The Red Sox managed only two hits in the inning but scored two runs on the heels — literally — of four stolen bases, two by Ryan Kalish and two by Bill Hall. Hall’s RBI single after Kalish’s two swipes tied it and a pinch-hit sac fly by Mike Lowell with Hall having dashed to third put the Red Sox Nation into delirium with a 3-2 lead.
However, hero No. 3 arrived in the bottom of the ninth for the Yankees.
With Jonathan Papelbon having blown seven saves this season, it is easy to see why in the way he pitched the ninth against the Yankees.
With one out, Papelbon walked Nick Swisher. Teixeira followed the gift with his second clutch single of the night and Papelbon poured even more fuel on his own destruction by walking Rodriguez to load the bases.
MVP candidate Robinson Cano, hero No.. 3, stepped in and laced a solid single to right to score pinch-runner Eduardo Nunez with the tying run. Make that eight blown saves for Papelbon, a new career high. Why do they all seem to have come off the Yankees?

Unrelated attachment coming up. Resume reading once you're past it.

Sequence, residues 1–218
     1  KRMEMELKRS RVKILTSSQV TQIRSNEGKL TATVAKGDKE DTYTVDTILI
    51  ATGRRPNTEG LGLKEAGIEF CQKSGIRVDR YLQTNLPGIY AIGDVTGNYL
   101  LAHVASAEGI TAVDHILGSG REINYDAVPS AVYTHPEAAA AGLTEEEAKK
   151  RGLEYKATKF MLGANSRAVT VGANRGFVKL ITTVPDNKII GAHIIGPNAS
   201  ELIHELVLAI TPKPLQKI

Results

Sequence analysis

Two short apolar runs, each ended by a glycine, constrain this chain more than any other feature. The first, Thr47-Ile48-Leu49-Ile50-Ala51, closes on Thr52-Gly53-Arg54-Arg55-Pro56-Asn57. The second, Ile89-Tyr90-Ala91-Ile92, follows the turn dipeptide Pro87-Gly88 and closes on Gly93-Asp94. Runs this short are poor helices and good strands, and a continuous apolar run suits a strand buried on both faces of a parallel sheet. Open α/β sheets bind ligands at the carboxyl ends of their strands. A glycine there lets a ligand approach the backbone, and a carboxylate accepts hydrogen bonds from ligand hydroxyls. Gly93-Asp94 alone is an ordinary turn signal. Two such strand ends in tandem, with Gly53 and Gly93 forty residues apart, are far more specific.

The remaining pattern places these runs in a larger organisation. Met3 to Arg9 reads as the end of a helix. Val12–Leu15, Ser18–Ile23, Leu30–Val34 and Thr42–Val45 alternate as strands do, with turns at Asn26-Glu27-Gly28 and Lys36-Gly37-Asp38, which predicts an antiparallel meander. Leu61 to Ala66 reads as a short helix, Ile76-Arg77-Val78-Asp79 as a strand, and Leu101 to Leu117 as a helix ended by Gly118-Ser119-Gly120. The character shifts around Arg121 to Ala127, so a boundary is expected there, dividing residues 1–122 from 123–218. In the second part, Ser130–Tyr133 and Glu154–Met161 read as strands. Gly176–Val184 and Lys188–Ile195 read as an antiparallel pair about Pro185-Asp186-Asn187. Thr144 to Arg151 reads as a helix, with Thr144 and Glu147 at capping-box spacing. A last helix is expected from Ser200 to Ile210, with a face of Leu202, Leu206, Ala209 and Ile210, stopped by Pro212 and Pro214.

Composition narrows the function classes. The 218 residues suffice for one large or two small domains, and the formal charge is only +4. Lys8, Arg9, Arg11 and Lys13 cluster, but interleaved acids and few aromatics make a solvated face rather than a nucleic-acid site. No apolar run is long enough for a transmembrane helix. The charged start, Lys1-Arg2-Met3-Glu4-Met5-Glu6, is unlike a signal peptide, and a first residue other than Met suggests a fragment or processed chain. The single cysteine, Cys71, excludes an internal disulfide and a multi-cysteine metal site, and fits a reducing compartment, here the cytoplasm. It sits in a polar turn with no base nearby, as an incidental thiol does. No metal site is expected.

Papelbon wiggled out of further trouble in the ninth but he merely passed the goat horns off to Okajima, who made a hero of Miranda in the tenth.
Okajima pitched as if the plate were dynamite and the baseball contained nitro glycerine. Which is to say, Okajima tried his best NOT to throw a pitch near the strike zone and make sure it had no velocity.
Curtis Granderson opened the inning with a single and Brett Gardner moved him to second on a bunt that Victor Martinez threw into the back of Gardner for an error. Granderson made it to third on the misplay and Gardner was safe at first.